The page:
Open manufacturing evangelist
Principal, Designer, Author, Lecturer
The Humblefactory, Alchematter.org, The University of Washington
The Humblefactory (http://www.humblefactory.com) is an experimental manufacturing lab founded by Dominic Muren in Seattle Washington. In this video, Dominic talks about the goals of Humblefacture, and some of the tools he'll be using to develop future projects. You can read more about the theoretical framework of Humblefacture at http://www.humblefacture.com. If this stuff sounds interesting, be sure to subscribe, rate and comment.
Working in collaboration with Studio Matthews in Seattle, The Humblefactory is exploring a variety of environmentally sensitive printing substrates for a materials library at the University of Washington. This video is a finished method for printing graphics with a coffee+biopolymer ink on a burlap substrate. The burlap comes from bags used to ship the coffee to the roaster, so if the method could be perfected, the material would use two separate waste streams at once. The recipe for this material is adapted from GreenPlasticsNet's original video recipe found here -- http://www.youtube.com/watch?v=5M_eDL... . The quantities of material were quadrupled, but otherwise unchanged. The concept for this material is similar to Noriurushi(rice urushi) lacquer filled with Nihenji (middle coarseness whetstone powder). You can see an incredible demonstration of the preparation of this material on Maki Fushimi's impressive Fishimiurushikomo channel: http://www.youtube.com/watch?v=-8lfp8... The Humblefactory (http://www.humblefactory.com) is an experimental manufacturing lab founded by Dominic Muren in Seattle Washington. You can read more about the theoretical framework of Humblefacture at http://www.humblefacture.com. If this stuff sounds interesting, be sure to subscribe, rate and comment.
Dominic Muren’s organization, The Humblefactory, champions “makers,” craftspeople who make up the cottage industries of the world. His online platform helps empower these makers, linking them up with markets through co-manufacturing and product design strategy.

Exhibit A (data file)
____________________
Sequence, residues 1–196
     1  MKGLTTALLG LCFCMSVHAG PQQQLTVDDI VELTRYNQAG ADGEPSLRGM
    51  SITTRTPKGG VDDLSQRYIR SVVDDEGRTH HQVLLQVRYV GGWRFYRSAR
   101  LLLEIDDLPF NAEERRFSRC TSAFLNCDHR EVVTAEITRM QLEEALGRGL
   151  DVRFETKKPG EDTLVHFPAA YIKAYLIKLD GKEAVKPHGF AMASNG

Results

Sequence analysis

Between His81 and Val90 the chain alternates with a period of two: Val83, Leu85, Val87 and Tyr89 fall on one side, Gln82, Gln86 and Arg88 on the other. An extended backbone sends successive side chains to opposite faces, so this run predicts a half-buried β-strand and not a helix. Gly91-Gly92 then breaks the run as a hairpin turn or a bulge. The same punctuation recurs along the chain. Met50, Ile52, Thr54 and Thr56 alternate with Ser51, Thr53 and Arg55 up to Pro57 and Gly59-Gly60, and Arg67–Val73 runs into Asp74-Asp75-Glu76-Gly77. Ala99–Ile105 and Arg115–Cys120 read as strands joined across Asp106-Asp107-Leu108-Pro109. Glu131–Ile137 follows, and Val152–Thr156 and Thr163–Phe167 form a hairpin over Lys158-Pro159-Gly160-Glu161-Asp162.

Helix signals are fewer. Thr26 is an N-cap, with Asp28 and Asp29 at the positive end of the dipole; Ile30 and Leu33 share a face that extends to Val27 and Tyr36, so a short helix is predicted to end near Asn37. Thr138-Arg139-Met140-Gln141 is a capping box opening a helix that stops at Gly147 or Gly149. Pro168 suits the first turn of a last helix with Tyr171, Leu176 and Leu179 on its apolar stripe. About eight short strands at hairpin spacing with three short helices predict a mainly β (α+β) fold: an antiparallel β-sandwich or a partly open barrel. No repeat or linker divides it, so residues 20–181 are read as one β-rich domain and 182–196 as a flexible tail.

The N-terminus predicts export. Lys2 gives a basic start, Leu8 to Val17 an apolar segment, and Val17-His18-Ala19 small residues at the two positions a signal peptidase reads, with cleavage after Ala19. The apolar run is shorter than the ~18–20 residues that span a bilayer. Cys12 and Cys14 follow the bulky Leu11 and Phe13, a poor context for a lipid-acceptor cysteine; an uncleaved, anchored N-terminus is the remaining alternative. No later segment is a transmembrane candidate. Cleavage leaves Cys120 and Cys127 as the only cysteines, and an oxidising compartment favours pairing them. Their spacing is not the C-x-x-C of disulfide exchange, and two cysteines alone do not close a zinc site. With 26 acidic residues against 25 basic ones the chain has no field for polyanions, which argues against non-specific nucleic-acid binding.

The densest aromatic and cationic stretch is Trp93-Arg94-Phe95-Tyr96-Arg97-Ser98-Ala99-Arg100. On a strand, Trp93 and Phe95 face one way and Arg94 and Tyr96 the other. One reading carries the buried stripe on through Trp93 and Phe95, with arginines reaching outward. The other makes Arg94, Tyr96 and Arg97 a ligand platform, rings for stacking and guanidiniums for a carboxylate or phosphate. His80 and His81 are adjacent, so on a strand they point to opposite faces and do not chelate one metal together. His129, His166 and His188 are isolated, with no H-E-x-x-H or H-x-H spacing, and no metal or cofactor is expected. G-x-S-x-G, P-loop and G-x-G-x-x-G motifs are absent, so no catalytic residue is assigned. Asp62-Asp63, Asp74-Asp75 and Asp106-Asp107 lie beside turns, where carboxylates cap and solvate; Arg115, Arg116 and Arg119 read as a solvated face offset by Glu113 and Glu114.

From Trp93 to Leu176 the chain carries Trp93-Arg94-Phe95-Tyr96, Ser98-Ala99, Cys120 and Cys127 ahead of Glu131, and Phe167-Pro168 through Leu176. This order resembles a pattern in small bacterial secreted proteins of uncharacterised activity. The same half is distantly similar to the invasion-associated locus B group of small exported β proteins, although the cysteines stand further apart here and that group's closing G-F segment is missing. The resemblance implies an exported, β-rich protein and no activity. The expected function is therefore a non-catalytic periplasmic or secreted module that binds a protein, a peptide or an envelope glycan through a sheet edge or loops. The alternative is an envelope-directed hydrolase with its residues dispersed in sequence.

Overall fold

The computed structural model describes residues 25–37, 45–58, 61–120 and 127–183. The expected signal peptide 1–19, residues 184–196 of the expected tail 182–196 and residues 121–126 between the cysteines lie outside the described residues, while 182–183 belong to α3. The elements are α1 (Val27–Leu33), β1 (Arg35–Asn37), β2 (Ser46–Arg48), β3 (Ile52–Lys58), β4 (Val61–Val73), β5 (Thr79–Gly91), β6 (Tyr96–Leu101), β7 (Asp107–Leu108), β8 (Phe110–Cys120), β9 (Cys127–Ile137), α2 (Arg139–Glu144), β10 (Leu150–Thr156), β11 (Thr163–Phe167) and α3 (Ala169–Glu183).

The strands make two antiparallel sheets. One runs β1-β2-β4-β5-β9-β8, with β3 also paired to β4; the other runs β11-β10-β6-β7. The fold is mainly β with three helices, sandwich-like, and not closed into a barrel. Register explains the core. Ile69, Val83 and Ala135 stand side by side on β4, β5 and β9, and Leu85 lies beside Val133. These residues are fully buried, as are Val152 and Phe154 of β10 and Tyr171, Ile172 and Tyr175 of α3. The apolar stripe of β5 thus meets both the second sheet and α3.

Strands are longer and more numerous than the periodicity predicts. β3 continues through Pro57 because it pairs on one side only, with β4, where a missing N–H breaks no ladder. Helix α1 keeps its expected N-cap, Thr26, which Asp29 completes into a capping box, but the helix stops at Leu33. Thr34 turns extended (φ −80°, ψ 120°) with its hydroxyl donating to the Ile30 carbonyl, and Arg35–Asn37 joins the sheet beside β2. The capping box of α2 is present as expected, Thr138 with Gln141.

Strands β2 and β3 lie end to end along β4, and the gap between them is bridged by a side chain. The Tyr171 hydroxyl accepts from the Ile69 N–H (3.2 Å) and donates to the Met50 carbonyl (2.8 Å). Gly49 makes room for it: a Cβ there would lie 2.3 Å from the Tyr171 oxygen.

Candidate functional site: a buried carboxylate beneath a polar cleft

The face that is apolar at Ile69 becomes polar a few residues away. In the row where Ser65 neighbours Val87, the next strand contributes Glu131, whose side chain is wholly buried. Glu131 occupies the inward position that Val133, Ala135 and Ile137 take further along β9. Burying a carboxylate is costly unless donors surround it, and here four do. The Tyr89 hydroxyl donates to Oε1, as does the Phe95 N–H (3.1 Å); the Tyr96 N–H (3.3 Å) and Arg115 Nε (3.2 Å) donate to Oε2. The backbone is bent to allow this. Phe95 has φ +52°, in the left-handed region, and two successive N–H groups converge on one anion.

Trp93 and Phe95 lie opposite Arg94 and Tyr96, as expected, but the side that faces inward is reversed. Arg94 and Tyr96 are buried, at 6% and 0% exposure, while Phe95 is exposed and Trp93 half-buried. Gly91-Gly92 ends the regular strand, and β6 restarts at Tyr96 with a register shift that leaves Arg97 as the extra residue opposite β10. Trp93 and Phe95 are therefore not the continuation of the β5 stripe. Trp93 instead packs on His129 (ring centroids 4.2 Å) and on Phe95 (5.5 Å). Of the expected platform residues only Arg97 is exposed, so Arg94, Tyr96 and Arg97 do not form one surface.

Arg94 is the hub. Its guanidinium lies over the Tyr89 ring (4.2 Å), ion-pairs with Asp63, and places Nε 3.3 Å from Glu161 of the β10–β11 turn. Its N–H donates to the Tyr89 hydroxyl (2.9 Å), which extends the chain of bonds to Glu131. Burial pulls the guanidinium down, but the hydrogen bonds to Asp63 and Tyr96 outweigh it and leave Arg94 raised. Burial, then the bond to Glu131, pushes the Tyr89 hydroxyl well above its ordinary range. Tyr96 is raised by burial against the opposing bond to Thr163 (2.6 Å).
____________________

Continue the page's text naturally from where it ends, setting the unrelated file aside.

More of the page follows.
design mind chatted with Pop!Tech 2011 Social Innovation Fellow and post-industrial designer Dominic Muren who founded The Humblefactory, a design lab in Seattle that develops tools and technologies that helps makers make more exciting things. Muren started Humblefactory when he became very concerned with the consequences of fabrication. His theory is that designers can’t make something fully eco-friendly without redesigning the manufacturing process. (i.e. you can make a briefcase out of bamboo instead of birch plywood, but the environmental challenges of the manufacturing process would be the same). One example he gave of retackling this process is from Eban Bayer who started a company called ecovative design that makes packing material out of mushrooms to replace the use of plastics or Styrofoam. Muren believes that if enough derivatives like that emerge, we’ll see a new type of local, specific, more contextually relevant.
Muren sheds an important light on the designer's place in the manufacturing landscape. He also introduces a new social platform that empowers makers to connect, share resources and ideas on open manufacturing.
Skin/Skeleton/Guts Design Framework
02/01/2010 – 03/01/2012